As far as resumés go, it's a show-stopper. But in context it's only a reflection of the unorthodox career path of Lawrence Martin-Bittman, a real-life "professor who came in from the cold." Martin-Bittman, now a Boston University journalism professor, brings to his academic position 14 years of experience as a spy and as deputy commander of the disinformation department of the Communist Party in the former Czechoslovakia.
"He's not the standard sort of journalism professor – he spent the first half of his life actively misleading, misinforming and deceiving journalists of all shapes, sizes and value systems, and was very good at it," says David Anable, chairman of Boston University's school of journalism. "The neat touch is when – disgusted by the Soviet system – Larry switched careers 180 degrees, and devoted the rest of his life to teaching people the need for a free press and how to be sophisticated about [the ways that] governments, corporations and other interests like to mislead it."
Born Ladislav Bittman, the 64-year-old tenured professor defected to the United States after the mild reforms of the Prague Spring were crushed by Soviet tanks in 1968. After unsuccessful stints as a roofing salesman and an art store owner, Martin-Bittman was offered a chance in 1971 to teach a class on the international press at Boston University by the department's former chairman. He has been there ever since.
His lectures draw upon his wealth of knowledge about how "news" is created and disseminated, and feature his collection of 450 videotapes on topics ranging from Hitler as a master propagandist to TV evangelism to CIA spy Aldrich Ames. Guest speakers, including KGB defectors, foreign correspondents and former ambassadors, frequently visit his class.
One class extensively covers Soviet, Nazi and U.S. propaganda, including "disinformation," and each student is required to analyze a propaganda campaign, which may include propaganda's commercial varieties, such as advertising and public relations. Another class, on international news gathering organizations, focuses on three styles of reporting: journalistic, diplomatic and intelligence service. Martin-Bittman says this particular class is "very important for anyone operating abroad."
Martin-Bittman points out as one example of Soviet disinformation the story behind an "NBC Now" report last year on an American woman beaten by a crowd in Guatemala for allegedly stealing native babies. Martin-Bittman claims the Soviets began circulating rumors in Central America in 1985 that Americans steal infants so their organs can be used in the United States. Another falsehood spawned by the Soviets and widely believed in Third World nations, according to Martin-Bittman, is that the AIDS epidemic originated in the United States during lab experiments in biological warfare, and then was spread by soldiers on military bases.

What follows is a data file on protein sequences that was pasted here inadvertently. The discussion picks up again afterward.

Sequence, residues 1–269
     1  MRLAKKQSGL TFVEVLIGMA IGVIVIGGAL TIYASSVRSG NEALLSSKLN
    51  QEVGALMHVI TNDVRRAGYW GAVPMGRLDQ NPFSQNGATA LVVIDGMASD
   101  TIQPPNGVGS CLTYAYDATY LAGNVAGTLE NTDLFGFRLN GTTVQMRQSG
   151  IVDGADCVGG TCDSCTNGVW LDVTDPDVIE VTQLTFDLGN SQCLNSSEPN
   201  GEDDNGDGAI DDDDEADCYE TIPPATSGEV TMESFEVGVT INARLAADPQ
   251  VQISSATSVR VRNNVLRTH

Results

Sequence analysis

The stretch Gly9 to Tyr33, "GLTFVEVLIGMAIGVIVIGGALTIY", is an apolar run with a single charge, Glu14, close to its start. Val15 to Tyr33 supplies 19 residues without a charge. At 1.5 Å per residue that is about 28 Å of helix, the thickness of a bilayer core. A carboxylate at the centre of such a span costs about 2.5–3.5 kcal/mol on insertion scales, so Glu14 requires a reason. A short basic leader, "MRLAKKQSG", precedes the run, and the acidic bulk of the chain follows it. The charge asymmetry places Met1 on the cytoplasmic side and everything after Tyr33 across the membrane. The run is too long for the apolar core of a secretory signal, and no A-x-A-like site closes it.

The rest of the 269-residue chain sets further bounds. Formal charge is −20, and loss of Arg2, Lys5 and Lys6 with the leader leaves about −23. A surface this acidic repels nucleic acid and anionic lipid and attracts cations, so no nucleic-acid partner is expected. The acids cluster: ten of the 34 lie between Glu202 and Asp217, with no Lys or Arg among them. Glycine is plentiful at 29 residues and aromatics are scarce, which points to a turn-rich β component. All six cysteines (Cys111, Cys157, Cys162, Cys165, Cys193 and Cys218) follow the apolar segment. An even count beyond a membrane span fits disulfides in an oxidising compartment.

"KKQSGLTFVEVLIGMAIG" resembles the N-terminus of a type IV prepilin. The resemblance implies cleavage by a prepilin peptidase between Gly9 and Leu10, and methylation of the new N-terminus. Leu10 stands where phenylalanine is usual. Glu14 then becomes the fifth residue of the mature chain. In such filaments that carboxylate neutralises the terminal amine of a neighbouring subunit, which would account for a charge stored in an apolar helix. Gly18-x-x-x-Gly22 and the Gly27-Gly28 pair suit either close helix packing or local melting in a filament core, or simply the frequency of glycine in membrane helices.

"When I talk about international systems of the press, it's more than a theory – it's my practical experience, which the students enjoy," says Martin-Bittman, who praises the American press as being the most vigilant in presenting all sides of the issues.
Each semester, Martin-Bittman relates his own greatest coup as a master media manipulator. He describes Operation Neptune, which was designed to sabotage West Germany's relations with other European countries. In 1964 Martin-Bittman ordered boxes of Nazi documents, containing the names of alleged spies and collaborators, to be placed at the bottom of a Czech lake – then alerted TV news crews to "discover" the boxes and revive memories of the Holocaust.
The reformed disinformation specialist – whom Anable, a former managing editor of the Christian Science Monitor, calls "one of the greatest experts on disinformation in the U.S., if not the world" – went on to found a center for the study of disinformation at Boston University in 1986. The center, called the Program for the Study of Disinformation, houses an extensive library of books, news clips and videotapes. It also provided source materials for a 1992 book on mass media in Russia, China, the Czech Republic and Lithuania called "On the Unpaved Road to Democracy," a collection of works that Martin-Bittman edited.
Martin-Bittman – whose death sentence for treason was lifted last year by Vaclav Havel's government – visited his native Prague last June for the first time since his 1968 defection. While there, he contacted Prague's Charles University, inviting a Czech professor, Karel Kamenik, to spend a semester at Boston University's journalism department. He also donated hundreds of books on media-related issues to the university's fledgling journalism program, and cooperated with a team studying Czechoslovakia's propagandist role during the Cold War.
When not busy teaching or working on his current project, a book on disinformation since the Cold War, Martin-Bittman, who plans to retire next year, occupies himself doing oil paintings at his Rockport, Massachusetts home, and steering clear of espionage novels. "Very boring," he says.